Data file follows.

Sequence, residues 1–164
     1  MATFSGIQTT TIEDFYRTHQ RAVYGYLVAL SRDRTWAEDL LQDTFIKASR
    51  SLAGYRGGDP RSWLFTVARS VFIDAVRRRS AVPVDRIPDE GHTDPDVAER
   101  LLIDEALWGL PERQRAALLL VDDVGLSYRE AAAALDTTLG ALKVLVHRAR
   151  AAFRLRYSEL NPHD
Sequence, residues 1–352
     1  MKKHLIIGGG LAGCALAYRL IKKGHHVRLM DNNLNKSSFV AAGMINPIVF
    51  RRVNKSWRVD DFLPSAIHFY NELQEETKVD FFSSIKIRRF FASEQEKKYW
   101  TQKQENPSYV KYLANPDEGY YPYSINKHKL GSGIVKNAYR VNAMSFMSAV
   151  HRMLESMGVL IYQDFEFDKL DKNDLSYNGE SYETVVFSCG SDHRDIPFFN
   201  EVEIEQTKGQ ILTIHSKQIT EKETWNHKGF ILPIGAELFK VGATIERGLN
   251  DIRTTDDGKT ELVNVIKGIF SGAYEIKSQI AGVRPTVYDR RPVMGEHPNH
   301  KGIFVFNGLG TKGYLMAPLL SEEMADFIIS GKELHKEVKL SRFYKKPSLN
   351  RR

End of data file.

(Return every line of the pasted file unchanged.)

Sequence, residues 1–164
     1  MATFSGIQTT TIEDFYRTHQ RAVYGYLVAL SRDRTWAEDL LQDTFIKASR
    51  SLAGYRGGDP RSWLFTVARS VFIDAVRRRS AVPVDRIPDE GHTDPDVAER
   101  LLIDEALWGL PERQRAALLL VDDVGLSYRE AAAALDTTLG ALKVLVHRAR
   151  AAFRLRYSEL NPHD
Sequence, residues 1–352
     1  MKKHLIIGGG LAGCALAYRL IKKGHHVRLM DNNLNKSSFV AAGMINPIVF
    51  RRVNKSWRVD DFLPSAIHFY NELQEETKVD FFSSIKIRRF FASEQEKKYW
   101  TQKQENPSYV KYLANPDEGY YPYSINKHKL GSGIVKNAYR VNAMSFMSAV
   151  HRMLESMGVL IYQDFEFDKL DKNDLSYNGE SYETVVFSCG SDHRDIPFFN
   201  EVEIEQTKGQ ILTIHSKQIT EKETWNHKGF ILPIGAELFK VGATIERGLN
   251  DIRTTDDGKT ELVNVIKGIF SGAYEIKSQI AGVRPTVYDR RPVMGEHPNH
   301  KGIFVFNGLG TKGYLMAPLL SEEMADFIIS GKELHKEVKL SRFYKKPSLN
   351  RR